Bridging the gap



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Posted by: stak
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Posted on: 2013-04-07 10:53:07

A lot of people believe in some science. Some people believe in a lot of science. And a few people believe exclusively in science. Some common non-scientific beliefs include things like paranormal activity, an afterlife, intelligent design - things that are generally mutually exclusive with science as we know it today.

People who believe strongly in science sometimes have a hard time understanding how other people can not believe in science. The gap between people who believe in evolution and those who believe in intelligent design, for example, is huge, with many uncompromising extremists on either side. I have a theory for how this comes to be, or at least a theory that helps me make sense of the situation.

Take the Monty Hall problem. In this problem, there is a prize hidden behind one of three doors, and you have to guess which one. After you pick a door, one of the other doors is shown to be a losing door. You then have the option of switching doors to the other unopened door or sticking with your original pick. For the vast majority of people, intuition suggests that the probability remains unchanged, and there is no advantage to switching. However, statistics says otherwise: the probability of winning is higher if you switch.

This is one of the simplest examples I can think of where human intuition is demonstrably wrong. If people are accepting of statistics, then upon being shown the logic behind this, they will realize that their intuition is wrong, and choose to discard it. However, I expect that some people place so much value in their own intuition that they refuse to believe the statistics and continue to believe their intuition. There is no real practical fallout from this - most people never run into this problem in their daily lives, and even if they did, they'd end up choosing the right door slightly less frequently. Big deal. Choosing to believe your intuition here is something that is easily done, because it doesn't noticeably impact your life for the worse, and is not fundamentally incompatible with other beliefs that you might hold.

Of course, the Monty Hall problem is just one small example. There are many examples that can be pulled from many scientific fields where common human intuition is just plain wrong. And human intuition varies from person to person, too. For some people, intuition strongly suggests creatures as complex as humans must have been designed and created by some other entity. Science says otherwise. As with the Monty Hall problem, some people, upon being shown the scientific evidence, will choose to discard their intuition and believe in evolution instead of intelligent design. But other people will not. And critically, choosing to believe intelligent design doesn't noticeably impact your life for the worse (except for having to constantly engage in debate with scientists, which is more of a meta-problem), and is not fundamentally incompatible with other beliefs that you might hold.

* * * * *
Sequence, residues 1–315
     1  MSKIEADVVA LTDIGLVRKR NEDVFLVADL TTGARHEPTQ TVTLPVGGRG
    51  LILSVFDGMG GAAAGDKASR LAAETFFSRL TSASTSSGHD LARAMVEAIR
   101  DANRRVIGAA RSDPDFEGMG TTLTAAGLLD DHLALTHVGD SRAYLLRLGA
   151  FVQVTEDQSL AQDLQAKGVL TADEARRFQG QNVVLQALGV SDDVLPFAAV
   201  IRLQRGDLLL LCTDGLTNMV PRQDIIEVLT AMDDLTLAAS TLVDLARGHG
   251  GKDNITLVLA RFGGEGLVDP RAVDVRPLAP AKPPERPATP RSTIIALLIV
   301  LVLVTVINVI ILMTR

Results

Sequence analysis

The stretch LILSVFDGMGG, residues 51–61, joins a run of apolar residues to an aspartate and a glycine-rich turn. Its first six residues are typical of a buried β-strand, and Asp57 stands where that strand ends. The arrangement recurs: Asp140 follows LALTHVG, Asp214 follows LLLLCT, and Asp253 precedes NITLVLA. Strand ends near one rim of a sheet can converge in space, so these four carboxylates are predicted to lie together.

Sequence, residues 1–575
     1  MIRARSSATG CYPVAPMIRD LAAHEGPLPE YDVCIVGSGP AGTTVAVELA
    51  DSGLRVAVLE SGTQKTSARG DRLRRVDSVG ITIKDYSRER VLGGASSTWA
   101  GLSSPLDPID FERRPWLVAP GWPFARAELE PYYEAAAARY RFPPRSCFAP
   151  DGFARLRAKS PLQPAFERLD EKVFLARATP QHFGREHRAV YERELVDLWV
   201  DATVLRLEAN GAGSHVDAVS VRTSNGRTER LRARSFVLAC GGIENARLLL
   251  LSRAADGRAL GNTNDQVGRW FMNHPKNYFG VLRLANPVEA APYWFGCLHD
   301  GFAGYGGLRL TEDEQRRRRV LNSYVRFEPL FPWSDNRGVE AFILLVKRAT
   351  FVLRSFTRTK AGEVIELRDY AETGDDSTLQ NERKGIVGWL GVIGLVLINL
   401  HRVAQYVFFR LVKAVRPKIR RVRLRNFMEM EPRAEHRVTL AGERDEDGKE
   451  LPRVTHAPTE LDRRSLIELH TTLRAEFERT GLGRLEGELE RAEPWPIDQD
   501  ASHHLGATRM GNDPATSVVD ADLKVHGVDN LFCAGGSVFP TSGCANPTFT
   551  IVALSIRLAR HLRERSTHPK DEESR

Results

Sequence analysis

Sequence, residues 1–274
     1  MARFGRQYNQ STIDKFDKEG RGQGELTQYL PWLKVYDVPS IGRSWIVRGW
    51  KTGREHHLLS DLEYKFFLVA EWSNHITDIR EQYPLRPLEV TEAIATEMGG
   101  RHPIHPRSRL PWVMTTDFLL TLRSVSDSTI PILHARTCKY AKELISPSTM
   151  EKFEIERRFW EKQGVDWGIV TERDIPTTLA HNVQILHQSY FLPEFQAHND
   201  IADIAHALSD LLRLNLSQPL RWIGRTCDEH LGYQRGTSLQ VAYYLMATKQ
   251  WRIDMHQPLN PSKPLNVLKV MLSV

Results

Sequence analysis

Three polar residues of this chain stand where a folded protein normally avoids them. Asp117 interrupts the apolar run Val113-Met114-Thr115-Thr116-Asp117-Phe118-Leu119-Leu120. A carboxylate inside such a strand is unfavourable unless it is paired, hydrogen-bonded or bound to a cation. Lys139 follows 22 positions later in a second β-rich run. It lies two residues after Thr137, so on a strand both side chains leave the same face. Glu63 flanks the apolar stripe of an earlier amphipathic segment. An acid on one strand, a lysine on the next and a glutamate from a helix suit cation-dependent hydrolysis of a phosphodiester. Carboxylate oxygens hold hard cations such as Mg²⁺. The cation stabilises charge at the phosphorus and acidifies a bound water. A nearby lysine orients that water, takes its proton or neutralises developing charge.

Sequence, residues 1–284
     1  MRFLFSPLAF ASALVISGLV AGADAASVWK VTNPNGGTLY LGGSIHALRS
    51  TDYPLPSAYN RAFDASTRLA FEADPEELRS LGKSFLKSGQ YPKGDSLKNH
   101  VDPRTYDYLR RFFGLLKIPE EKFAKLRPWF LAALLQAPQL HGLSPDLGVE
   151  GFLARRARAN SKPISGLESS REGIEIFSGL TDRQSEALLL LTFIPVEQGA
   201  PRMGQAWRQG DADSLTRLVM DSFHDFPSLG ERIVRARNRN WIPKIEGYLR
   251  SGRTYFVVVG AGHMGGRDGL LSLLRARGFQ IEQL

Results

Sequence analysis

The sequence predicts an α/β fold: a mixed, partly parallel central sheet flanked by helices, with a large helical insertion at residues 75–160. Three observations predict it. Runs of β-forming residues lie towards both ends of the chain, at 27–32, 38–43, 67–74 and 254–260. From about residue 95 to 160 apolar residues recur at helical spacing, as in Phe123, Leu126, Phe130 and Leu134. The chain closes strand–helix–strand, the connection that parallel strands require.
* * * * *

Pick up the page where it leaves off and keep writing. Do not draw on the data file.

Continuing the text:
Some of you may disagree with that last bit - to science-believers, intelligent design is fundamentally incompatible with other beliefs. But of course, this all depends on what you believe. You don't need to believe in a all-powerful god to believe in intelligent design; it could just as easily have been an alien race that did the designing. You don't have to reject fossils; the alien race might have planted those on purpose to disguise the truth. And so on - there are many ways to make a particular belief compatible with other things that you believe. To a scientist, such beliefs violate Occam's razor (and generally sound increasingly outrageous) but to somebody who doesn't believe in Occam's razor or in making hypotheses falsifiable it's not a problem in the least. It's pretty easy to come up with a set of internally-consistent beliefs that includes intelligent design, and many people have done exactly that.

The thing that's important to me is whether or not people are forced into such belief sets, or whether they choose them. It's one thing to consciously choose to reject evolution and choose intelligent design - there are valid reasons for doing so, and I have no problem with that. Even implicitly rejecting evolution because it sounds too hare-brained and unconsciously choosing intelligent design is fine by me - it's still a choice on the part of the individual. However, I dislike it when people are forced into a choice because of their ancestors or society. Legislation that bans evolution from schools is one way this choice is forced upon people, and that seems wrong to me. On the other hand, discriminating against people who believe in religion or intelligent design is another way that this choice is forced upon people, and that too, seems wrong to me.

Let people believe what they want. If you believe in evolution, then you should realize that there are selection pressures already at work that will, in the long run, weed out the incorrect beliefs. If the world were filled with Monty Hall problems, people who trusted statistics over their intuition would thrive - that's just survival of the fittest. Who knows - over time, human intuition might even evolve to match the science!

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